More than 50 high-achieving high school students who come from low-income families spent two weeks on campus this month as part of the New Jersey SEEDS (Scholars, Educators, Excellence, Dedication and Success) College Preparatory Program. The program, which concluded on July 11, fully immerses the students in college life while providing them with guidance and advice on the college admissions process as they prepare to embark on their own college endeavors.
“This is a real partnership between SEEDS and Hobart and William Smith, in large part due to the Colleges’ hospitality,” said NJ SEEDS Director of Education and Guidance Alan Heaps. “This program makes a difference in the lives of students, and we thank HWS for all its support.”
For the two weeks, the students took a full course load, lived in residence halls, ate in the Saga Dining Hall, and interacted with faculty members. For many of the students, who are rising juniors and seniors from either Orange High School or Trenton Central High School, their two weeks spent on campus proved to be an eye-opening experience that gave them their first glimpse into college life.
“I like being able to explore campus,” said Lounie Germain, a rising senior from Orange High School, who hopes to pursue biochemistry at Barnard University. “The freedom of going to classes and being a college student is one of my favorite parts. This is my third year with SEEDS, and as a senior it’s more like a college experience.”
This year, students took courses in math, science, English and art, participating in courses such as algebra, chemistry, forensic science and theatre art. The program also introduced a new combined English/writing course in which juniors and seniors were mixed together in three cohorts of about 17 students each. The course, which was taught by Adjunct Instructor of Writing and Rhetoric Elizabeth Wells and Visiting Assistant Professor of English and Comparative Literature Vinita Prabhakar, focused on short story analysis, discussions and free writing time with the goal of having students complete their college admissions essay. For many students, this was one of the most beneficial aspects of the program.
“The English/writing course is my favorite and is really helpful,” said Trenton Central High School rising senior Wilmarilys Velazques. “We’re working on our personal statements, and they help us reflect on our lives and pinpoint moments and experiences in our lives to include in our personal statements. The faculty helps us discover things we don’t even know about ourselves, making us dig down deep to discover new things that can be incorporated in our essays.”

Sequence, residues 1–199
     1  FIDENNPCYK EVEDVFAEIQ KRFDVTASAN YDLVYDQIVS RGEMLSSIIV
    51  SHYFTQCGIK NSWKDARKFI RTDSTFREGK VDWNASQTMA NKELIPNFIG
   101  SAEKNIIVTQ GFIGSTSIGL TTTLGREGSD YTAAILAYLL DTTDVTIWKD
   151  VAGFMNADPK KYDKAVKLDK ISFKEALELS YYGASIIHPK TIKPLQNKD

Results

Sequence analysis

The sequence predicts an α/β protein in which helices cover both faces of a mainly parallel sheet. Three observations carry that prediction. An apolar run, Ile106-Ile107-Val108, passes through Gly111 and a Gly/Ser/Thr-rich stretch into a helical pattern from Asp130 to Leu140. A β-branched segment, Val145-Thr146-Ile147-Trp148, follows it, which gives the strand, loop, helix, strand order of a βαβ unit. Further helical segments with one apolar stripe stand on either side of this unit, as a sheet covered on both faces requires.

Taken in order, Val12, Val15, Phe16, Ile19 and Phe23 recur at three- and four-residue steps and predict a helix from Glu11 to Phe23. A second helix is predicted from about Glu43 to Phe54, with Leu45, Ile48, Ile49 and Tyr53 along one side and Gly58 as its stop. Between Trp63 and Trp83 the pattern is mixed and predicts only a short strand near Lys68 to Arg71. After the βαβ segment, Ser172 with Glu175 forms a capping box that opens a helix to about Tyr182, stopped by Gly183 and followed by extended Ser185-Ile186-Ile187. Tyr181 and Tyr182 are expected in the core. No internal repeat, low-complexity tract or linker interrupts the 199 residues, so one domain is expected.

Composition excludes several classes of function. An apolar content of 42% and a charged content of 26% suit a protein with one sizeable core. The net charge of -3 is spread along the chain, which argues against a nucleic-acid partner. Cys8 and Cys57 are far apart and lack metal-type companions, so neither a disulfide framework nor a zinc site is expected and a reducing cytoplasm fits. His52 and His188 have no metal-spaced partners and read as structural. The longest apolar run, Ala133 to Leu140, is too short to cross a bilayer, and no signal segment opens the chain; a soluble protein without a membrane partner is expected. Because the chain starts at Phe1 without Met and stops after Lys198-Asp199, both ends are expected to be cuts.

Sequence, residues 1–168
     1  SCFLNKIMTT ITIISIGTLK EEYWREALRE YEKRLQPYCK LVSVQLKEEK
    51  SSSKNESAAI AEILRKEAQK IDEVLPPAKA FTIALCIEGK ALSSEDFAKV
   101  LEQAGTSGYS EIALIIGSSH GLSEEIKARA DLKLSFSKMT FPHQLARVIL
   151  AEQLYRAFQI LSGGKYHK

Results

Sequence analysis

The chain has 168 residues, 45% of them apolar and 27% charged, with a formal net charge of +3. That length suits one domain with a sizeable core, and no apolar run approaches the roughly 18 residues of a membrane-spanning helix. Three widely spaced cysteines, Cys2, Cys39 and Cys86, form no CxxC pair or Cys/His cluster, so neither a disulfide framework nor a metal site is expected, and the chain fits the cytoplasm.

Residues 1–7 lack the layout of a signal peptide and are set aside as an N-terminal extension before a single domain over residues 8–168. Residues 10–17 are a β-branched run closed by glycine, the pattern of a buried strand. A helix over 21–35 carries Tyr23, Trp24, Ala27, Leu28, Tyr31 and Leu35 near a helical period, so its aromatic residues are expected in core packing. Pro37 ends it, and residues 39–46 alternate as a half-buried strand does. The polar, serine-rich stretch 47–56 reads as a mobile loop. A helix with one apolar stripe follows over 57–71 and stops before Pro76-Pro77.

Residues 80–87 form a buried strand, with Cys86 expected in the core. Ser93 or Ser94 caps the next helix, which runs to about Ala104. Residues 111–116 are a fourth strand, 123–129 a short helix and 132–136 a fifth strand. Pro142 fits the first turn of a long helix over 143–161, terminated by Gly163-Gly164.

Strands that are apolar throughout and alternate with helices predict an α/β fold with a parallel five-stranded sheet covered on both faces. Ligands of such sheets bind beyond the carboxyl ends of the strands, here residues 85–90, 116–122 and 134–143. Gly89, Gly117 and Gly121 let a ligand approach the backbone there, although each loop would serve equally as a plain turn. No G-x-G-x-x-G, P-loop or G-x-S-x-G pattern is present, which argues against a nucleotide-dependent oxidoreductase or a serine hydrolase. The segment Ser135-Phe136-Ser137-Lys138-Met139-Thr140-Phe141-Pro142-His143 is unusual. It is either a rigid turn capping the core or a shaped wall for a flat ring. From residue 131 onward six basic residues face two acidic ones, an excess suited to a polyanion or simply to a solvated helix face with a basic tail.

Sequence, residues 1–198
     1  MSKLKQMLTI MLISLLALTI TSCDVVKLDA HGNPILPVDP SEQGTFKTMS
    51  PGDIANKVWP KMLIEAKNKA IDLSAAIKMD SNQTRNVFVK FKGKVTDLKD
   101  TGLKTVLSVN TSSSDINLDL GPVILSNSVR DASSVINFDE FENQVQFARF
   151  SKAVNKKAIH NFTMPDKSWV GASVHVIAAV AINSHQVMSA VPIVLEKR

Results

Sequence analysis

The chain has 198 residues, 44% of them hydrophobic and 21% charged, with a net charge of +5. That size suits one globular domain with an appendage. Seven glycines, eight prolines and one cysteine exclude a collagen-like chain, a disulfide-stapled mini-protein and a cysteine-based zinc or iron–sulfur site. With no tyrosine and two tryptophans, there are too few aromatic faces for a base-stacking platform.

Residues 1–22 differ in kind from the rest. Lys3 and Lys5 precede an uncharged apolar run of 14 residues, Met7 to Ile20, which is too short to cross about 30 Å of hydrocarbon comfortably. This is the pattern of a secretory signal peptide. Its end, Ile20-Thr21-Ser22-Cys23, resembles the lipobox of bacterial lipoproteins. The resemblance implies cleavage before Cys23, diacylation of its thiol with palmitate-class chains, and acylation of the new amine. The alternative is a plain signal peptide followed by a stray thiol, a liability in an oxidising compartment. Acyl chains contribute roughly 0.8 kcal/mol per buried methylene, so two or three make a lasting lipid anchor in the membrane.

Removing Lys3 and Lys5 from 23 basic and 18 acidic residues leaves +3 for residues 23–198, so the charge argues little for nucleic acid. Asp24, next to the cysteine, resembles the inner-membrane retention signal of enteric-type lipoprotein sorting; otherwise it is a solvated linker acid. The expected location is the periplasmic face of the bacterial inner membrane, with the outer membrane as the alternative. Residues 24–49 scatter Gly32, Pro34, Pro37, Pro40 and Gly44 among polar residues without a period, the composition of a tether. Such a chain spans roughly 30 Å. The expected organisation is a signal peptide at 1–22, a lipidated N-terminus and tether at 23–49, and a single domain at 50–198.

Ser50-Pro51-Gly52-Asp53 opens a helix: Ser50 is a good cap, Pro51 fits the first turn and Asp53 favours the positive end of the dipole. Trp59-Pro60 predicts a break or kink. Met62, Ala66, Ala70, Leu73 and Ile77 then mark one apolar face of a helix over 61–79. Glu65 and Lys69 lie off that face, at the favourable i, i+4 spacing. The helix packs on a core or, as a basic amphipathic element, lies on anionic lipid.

The program also introduced a new “College 101” course, which focused on college admissions, financial aid, scholarships and making smart decisions on campus. The course aimed to teach students to advocate for themselves during the college admissions process as well as after they arrive on their new campuses. This course also proved to be an invaluable experience for many of the students who will be first-generation college students.
“This program is helpful for students coming from low-income and minority households,” Velzazques added. “Most of our parents have never applied to college and don’t know about the process, and neither do we. SEEDS really helps open our eyes to the entire process.”
Melissa Montoya, a SEEDS graduate who is entering her senior year at Lehigh University and returned this summer to be a student advisor for current scholars, knows from experience just how instrumental the SEEDS program is for students navigating the college admissions process.
“Coming from a minority and disadvantaged background, SEEDS provided me with all I needed to pursue a college degree,” she said. “I definitely wouldn’t be where I am today without SEEDS. They did so much for me, out of appreciation I thought it was the least I could do to come back and help out as a student advisor.”
The Summer Collegiate Experience is just one component of the College Preparatory Program, which requires students to attend the summer program at HWS each year, as well as take classes every Saturday during the school year and participate in other leadership and college preparatory activities. Each year, many SEEDS graduates go on to some of the best colleges and universities in the nation, including Hobart and William Smith. Several students this year took advantage of the opportunity to conduct an admissions interview with HWS staff in hopes of joining the three SEEDS graduates currently enrolled at the Colleges and one matriculating in the fall.
The program is made possible each year in large part due to the continous participation of HWS faculty and endorsement by alums. HWS Trustee J. Paul Hellstrom Jr. ’64 has been an advocate for the program since its start, playing an integral role in connecting the SEEDS program with HWS and ensuring its success year after year.
For more information on the program, visit the NJ SEEDS website at: http://njseeds.org/